Is Your Mother Home?
Is your mother home? the salesman asked a small boy sitting on the steps in front of a house. “Yeah, she’s home,” the boy said, scooting over to let him past. The salesman rang the doorbell, got no response, knocked once, then again. Still no one came to the door. Turning to the boy, the fellow said, “I thought you said your mother was home.” The kid replied, “She is; but this isn’t where I live.”
When I was in university, I worked through school and during the summers to earn money for tuition, room and board. One summer, my boyfriend at the time, Ernie, sold vacuum cleaners door to door and I would occasionally go along on the sales calls with him. He’d pick a neighborhood, knock on each door, and in the houses he was invited in to, he would cart in a vacuum cleaner and a bag of dirt.
He had the sales pitch down pat, often appealing to the wife’s desire to have a clean carpet, especially if she had young children. Onto the carpet he would dump the dirt, and have the house owner vacuum up half with their machine, and the other half with his demo system. Inevitably, the couple would be stunned at the difference in cleaning power, and having then haggled on the price, would buy the new vacuum. Ernie would start at $700 and could go as low as $350; he pocketed the difference. If the family couldn’t pay $600 or $700, no problem; Ernie had an installment plan for that. That summer, Ernie earned enough to pay for a full year of university.
Singer set out to sell sewing machines in Yugoslavia, but it had several hurdles to cross. First of all, the sewing machine was a pricy purchase, more than what most Yugoslavians could afford or even made in a year. Secondly, many of the villages were located in remote regions, away from the large showroom style stores in major cities that Singer liked to sell from in the US. And finally, these were complex machines that were relatively difficult to learn, and required ongoing parts and labor. How could Singer afford to target customers in all these remote villages?
A Singer sales manager in Glasgow, Scotland figured it out: he began to recruit sales people who lived in the villages. He would train them centrally in the larger cities, and then they would return to their villages and sell the machines to their friends and neighbors, going from house to house by horse drawn carriage, with a sewing machine in the back wagon. The salesman would knock on the door, and bring the machine right into the person’s home, and teach them how to use it right then and there. Both Pauline’s mother and her husband Jerry’s mother bought sewing machines from Singer this way.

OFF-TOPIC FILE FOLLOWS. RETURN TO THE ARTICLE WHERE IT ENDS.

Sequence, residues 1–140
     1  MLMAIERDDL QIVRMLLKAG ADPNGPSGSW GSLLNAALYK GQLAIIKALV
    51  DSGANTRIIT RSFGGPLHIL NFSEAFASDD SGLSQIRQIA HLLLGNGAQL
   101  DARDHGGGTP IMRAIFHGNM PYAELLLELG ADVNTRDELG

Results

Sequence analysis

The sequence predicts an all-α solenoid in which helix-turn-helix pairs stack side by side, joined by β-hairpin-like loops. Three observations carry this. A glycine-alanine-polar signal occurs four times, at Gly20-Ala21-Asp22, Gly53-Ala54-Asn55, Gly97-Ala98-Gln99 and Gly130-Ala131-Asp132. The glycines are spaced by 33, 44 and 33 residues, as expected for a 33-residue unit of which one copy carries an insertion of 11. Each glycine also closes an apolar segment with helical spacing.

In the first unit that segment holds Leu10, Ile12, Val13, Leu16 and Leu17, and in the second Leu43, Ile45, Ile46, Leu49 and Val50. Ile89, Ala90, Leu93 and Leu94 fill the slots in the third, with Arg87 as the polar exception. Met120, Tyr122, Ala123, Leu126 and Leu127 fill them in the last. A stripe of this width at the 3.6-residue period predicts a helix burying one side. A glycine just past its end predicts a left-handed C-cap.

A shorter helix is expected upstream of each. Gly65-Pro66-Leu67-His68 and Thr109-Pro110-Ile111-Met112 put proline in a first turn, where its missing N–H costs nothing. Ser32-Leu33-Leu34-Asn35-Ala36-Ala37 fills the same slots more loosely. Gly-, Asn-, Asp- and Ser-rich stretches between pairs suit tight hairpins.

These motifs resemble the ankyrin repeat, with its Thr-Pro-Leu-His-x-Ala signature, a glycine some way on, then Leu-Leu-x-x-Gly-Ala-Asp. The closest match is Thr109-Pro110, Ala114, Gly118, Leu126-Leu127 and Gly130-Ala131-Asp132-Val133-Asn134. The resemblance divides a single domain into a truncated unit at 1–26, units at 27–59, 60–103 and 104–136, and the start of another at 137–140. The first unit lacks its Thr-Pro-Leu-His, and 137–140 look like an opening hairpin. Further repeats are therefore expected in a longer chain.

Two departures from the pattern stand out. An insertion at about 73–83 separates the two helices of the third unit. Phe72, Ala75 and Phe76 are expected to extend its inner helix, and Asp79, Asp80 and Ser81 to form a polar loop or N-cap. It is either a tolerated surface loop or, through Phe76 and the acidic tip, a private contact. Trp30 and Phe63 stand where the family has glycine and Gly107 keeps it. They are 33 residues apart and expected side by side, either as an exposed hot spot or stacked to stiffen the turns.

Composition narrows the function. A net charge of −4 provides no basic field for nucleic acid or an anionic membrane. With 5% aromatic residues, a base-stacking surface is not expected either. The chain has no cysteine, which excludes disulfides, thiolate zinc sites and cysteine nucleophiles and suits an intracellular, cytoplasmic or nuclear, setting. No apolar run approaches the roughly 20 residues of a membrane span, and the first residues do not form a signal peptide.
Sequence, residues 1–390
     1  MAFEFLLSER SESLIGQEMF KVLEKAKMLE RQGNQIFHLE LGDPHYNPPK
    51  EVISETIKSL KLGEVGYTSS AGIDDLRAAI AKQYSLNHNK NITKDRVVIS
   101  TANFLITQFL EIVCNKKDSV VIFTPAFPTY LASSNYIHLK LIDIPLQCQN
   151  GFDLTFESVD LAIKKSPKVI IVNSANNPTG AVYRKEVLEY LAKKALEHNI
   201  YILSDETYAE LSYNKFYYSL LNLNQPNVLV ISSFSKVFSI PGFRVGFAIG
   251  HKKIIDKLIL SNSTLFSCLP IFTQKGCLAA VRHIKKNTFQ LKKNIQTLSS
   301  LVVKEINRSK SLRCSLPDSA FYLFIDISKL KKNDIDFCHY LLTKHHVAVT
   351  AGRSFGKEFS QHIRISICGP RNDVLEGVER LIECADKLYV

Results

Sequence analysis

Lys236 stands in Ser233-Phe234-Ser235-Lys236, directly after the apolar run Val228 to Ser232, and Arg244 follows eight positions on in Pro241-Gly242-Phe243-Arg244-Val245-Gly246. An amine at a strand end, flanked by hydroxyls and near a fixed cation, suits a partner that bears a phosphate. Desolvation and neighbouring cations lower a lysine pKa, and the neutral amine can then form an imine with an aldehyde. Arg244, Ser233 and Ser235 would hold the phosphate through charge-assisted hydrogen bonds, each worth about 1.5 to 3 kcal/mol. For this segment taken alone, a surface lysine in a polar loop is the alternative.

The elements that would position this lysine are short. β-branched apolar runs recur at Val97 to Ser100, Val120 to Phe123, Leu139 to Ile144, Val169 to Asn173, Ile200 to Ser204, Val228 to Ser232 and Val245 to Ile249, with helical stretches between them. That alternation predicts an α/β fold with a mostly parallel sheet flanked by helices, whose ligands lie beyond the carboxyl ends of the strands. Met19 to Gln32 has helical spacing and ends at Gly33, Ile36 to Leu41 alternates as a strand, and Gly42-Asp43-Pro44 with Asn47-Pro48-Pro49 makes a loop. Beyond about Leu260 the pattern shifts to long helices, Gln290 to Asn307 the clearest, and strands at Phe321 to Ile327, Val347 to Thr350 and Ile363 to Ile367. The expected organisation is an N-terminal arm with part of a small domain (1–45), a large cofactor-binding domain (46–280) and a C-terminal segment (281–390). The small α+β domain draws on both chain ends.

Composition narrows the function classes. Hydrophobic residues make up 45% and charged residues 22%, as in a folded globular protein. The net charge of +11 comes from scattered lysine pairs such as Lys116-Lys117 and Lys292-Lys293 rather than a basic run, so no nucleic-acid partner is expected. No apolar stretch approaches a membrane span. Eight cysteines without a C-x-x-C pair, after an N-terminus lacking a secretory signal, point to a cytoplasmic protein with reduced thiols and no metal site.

Singer came up with the first installment purchase plan, which they called the “Impoverished Family Plan.” They raised the price of the machine, and then sold it to lower income families, spreading out the payments over time. Families would often sell a cow or other livestock in order to come up with the payments.
At first, the sales person was responsible for the sale and for the collection of the payments. Within a year or two however, Singer realized that the salesperson was having a difficult time asking their friends for the money, and past due collections soared. So a second role was established: that of the collector. The collector’s job was to make house calls every two weeks to the purchasers to collect the money. The salesman would also continue to make house calls, selling thread, bobbins, needles and other parts, as well as servicing the machines. This two man sales team worked much better and both sales and collections went right up. Profits, however, plummeted.
Singer began to scale back its door to door sales efforts, opened smaller stores in larger towns, and offered training classes, competitions and other similar sales efforts to maintain a close relationship with its customers to maintain customer loyalty. By this time, Singer had achieved market domination, and was responsible for over 80% of all sewing machine sales in Eastern Europe.
And so we have the Singer Sewing Machine Company to thank for door to door salesmen, the idea of the installment payment plan, Pauline’s lovely dresses and Ernie’s education.